Competition enhances learning under certain circumstances. However, little is known about how the neural mechanisms involved in a competition during the episodic encoding are modulated by the social distance of personal relationships with opponents. To investigate this issue, using functional magnetic resonance imaging (fMRI), we scanned healthy young adults during a competition with their familiar friends and unfamiliar others in the episodic encoding. Three major findings emerged from this study. First, activations in the right temporo-parietal junction (rTPJ) were significantly greater in the competition with familiar friends than with unfamiliar others, and the activations in this region were significantly correlated with the subjective ratings of motivation. Second, striatum and amygdala activations increased by the competition with familiar friends were significantly correlated with the increased ratings of pleasantness, which reflected emotionally positive feelings in victory for the competition with familiar opponents. Third, the functional connectivity between the rTPJ and reward-related regions, including the striatum and substantia nigra, was higher in the competition with familiar friends than with unfamiliar others. Taken together with our behavioral findings, in which memories encoded by competing with familiar friends were remembered more accurately than those with unfamiliar others, the interacting mechanisms between the rTPJ that is involved in social motivation and the reward-related regions that are involved in social reward could contribute to the enhancement of memories encoded in the competition with familiar others.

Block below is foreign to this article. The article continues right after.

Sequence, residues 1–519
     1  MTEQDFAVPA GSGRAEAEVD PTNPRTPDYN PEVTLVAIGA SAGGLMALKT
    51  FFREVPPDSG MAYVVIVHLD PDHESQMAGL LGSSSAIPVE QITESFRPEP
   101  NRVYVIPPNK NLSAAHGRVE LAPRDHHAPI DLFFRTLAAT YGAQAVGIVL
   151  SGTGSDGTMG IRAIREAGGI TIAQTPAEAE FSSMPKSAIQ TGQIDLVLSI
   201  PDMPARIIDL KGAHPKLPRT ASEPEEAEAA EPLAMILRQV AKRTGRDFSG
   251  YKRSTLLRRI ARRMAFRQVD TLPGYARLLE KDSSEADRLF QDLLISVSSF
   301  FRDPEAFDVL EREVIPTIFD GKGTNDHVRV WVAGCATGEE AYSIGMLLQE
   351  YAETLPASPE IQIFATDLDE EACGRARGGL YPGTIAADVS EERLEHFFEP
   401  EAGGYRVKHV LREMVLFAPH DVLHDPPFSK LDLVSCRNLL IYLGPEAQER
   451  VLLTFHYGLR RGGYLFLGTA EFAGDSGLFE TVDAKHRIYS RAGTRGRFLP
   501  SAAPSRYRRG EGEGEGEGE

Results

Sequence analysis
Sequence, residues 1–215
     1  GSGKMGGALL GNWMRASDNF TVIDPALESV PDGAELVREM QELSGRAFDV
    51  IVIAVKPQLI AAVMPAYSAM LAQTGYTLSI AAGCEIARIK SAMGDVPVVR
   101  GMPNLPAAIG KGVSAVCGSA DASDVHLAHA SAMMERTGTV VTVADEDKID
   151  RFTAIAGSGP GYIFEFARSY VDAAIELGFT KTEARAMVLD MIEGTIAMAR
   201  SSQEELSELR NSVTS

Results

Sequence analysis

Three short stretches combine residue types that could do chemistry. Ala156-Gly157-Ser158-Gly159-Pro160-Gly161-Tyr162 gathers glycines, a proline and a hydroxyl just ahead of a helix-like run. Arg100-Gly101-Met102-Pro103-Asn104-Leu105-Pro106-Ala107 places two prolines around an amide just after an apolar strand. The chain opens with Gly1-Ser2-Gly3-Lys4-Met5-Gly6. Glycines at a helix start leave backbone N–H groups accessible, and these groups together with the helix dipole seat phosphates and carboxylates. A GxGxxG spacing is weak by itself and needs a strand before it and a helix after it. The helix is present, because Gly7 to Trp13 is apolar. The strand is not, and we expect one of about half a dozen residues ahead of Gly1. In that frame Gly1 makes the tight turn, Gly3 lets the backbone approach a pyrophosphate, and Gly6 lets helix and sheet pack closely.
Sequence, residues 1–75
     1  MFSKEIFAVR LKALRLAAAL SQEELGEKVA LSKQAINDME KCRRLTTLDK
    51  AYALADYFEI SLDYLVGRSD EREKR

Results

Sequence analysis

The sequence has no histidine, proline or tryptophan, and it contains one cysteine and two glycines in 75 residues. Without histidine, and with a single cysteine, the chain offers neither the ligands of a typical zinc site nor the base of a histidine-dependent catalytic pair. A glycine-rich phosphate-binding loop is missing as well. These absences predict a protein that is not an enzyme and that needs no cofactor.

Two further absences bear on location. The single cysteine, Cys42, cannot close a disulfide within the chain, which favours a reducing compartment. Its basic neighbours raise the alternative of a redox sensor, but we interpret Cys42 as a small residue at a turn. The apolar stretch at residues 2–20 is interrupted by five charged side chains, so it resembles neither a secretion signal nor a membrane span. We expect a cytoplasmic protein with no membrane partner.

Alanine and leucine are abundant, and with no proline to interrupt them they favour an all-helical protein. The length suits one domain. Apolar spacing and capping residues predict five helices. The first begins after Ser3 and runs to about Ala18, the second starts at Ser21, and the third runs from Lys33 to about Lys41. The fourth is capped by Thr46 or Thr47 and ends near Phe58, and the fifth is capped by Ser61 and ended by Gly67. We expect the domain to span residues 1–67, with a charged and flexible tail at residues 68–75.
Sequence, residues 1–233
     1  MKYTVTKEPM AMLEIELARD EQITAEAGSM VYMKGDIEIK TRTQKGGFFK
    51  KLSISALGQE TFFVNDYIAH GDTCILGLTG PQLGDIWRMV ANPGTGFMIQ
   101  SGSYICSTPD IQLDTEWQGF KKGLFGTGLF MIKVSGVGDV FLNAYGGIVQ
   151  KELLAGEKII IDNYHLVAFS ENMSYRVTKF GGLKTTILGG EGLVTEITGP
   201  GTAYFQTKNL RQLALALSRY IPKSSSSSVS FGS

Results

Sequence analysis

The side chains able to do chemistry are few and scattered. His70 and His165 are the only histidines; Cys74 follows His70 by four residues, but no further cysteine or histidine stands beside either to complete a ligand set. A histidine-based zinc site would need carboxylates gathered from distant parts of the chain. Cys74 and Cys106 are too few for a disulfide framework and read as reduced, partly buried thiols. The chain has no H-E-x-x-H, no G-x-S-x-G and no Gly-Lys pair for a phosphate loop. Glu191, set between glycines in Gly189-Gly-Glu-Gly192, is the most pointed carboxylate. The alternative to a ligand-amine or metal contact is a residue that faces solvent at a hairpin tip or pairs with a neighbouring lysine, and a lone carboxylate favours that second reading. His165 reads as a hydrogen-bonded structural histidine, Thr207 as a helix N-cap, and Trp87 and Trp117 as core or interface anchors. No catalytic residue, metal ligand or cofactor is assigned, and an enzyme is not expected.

Keywords: Episodic memory; Motivation; Social reward; Striatum; Temporo-parietal junction; fMRI.
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